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June 25, 2020 (LifeSiteNews) – Chinese dissident Guo Wengui claims that the Chinese Communist Party (CCP) “allocates up to $2 billion a year” to buy the Vatican's silence concerning the ongoing persecution of the Catholic Church in China and other human rights abuses.
Mr. Guo made the allegation — without offering any supporting evidence — in a June 20th interview on Steve Bannon's The War Room. The explosive claim was made in the context of a larger discussion of how the CCP is spending huge sums of money to buy politicians, media, and influence in countries like Australia and Italy.
“2014, the CPC, inside, made the decision: Every year, they want 2 billion dollars to pay to the Vatican, to influence the Vatican policy about China/Vatican — and [regarding] the Christian and Catholic [mistreatment], they wanted Vatican to shut up, to follow the CPC about religion, you know the policy – that’s disaster,” Guo said.
These expenditures, according to previous statements by Guo, are part of a larger strategy to achieve global hegemony that goes by the initials “BGY.” The initials “BGY” stand for Blue (control over the Internet), Gold (buying influence with money), and Yellow (seducing key people with sex).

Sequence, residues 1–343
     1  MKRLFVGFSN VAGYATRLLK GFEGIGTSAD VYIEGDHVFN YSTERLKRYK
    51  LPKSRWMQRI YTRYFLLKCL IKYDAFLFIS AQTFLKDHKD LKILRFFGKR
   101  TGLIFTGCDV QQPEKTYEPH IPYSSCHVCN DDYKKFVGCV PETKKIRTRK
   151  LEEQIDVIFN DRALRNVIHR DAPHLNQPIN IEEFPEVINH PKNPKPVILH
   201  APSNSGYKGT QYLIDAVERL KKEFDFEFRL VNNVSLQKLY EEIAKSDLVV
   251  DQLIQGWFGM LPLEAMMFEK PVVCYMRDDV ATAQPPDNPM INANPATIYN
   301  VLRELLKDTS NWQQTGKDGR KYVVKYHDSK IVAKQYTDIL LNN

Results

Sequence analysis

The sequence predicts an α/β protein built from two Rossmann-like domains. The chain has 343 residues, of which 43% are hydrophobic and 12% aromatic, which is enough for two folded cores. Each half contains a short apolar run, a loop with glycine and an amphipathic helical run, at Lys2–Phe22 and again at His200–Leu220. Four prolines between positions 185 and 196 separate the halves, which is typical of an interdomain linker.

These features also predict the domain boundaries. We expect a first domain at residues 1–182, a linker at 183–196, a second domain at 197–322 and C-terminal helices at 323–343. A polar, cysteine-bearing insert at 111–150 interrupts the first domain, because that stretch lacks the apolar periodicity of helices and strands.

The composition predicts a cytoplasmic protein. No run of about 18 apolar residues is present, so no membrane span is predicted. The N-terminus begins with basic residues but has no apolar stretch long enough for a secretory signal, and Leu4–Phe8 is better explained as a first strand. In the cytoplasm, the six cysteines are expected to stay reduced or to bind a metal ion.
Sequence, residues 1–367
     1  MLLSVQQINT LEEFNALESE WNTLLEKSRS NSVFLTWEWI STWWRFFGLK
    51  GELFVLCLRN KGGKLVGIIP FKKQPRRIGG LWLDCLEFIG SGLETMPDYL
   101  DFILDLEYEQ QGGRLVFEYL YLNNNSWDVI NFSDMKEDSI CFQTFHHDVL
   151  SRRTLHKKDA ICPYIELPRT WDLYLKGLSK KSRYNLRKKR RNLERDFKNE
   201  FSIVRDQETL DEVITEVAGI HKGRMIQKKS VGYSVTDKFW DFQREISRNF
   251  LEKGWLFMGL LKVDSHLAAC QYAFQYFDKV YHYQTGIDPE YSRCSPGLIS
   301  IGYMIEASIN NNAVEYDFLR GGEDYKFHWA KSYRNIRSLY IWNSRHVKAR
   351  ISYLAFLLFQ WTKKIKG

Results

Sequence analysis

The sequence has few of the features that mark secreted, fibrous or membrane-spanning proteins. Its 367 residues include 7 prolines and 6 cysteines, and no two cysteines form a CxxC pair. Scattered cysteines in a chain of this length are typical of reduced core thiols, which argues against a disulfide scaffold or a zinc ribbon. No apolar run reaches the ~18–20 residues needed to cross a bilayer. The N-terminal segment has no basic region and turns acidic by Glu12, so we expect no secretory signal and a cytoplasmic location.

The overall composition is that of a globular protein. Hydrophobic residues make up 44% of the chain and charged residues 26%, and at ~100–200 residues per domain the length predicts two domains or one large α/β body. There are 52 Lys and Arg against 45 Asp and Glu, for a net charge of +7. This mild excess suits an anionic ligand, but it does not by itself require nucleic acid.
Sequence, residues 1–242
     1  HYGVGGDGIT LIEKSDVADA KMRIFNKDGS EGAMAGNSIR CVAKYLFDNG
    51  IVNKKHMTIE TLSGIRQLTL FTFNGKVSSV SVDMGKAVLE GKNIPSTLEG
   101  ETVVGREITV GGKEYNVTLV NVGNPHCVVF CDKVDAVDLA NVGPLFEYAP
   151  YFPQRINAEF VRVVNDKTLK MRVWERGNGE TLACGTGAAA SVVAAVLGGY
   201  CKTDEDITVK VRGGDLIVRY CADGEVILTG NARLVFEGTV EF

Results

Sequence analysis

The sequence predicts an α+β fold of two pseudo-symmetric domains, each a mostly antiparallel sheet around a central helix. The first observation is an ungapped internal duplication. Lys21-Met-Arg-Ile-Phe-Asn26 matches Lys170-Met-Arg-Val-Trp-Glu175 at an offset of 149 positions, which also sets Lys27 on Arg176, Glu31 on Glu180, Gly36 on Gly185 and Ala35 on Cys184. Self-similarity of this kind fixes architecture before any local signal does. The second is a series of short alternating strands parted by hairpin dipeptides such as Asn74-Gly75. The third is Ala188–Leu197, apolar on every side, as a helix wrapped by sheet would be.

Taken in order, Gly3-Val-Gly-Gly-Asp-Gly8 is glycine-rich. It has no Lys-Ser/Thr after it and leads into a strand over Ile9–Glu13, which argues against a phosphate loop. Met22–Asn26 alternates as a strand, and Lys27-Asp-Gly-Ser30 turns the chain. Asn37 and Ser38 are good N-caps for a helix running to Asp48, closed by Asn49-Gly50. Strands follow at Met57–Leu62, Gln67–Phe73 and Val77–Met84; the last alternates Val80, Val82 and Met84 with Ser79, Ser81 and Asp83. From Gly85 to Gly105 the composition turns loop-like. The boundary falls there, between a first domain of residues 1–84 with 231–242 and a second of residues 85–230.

Guo said Saturday that the CCP, in pursuit of hegemony, has been investing a fixed percentage of trade earnings with foreign countries into the BGY program since 2014. The goal is to compromise, co-opt, and control as many nation-states as possible, especially its key competitor the U.S. To this end, he says, the BGY quota for the United States and other countries, which started at 1%, has been increased from 1% to 5% over the years.
So what do I, as a Sinologist, think about Guo's claims, especially where the Vatican is concerned?
Let me begin by offering a couple of cautions. For a successful businessman — Mr. Guo was once one of China’s wealthiest men — he often plays fast and loose with the numbers. Moreover, as someone who is now openly committed to the overthrow of the Chinese Communist regime, he always paints its actions in the darkest possible colors.
For example, Guo claims that “According to data from the U.S. Trade Office, the total trade volume between China and the U.S. in 2018 was $7.37 trillion.” If calculated according to 5%, Guo went on, the amount used for BGY in the United States would then be about $36.8 billion.
But according to the Office of the U.S. Trade Representative, U.S. goods and services trade with China actually totaled an estimated $737.1 billion in 2018. In other words, Guo’s numbers are inflated by a factor of ten. Instead of $7.37 trillion in trade, we are talking about $737 billion. And 5% of this amount would in fact be $36.8 billion.
Given how far off Guo is on the numbers, can he still be believed?
I think so, and here’s why: It is all too easy to misplace a decimal point in translating numbers from Chinese into English. The primary unit for expressing large numbers is Wan, which means ten thousand (10,000)–as in the expression Wan Sui, “May you live Ten Thousand years”–and Yi, which means 100,000,000. A “million” is “a hundred ten thousands,” while a “billion” is “ten one hundred millions.” I’ve been speaking Chinese for a long time, and I still have to check myself when translating numbers.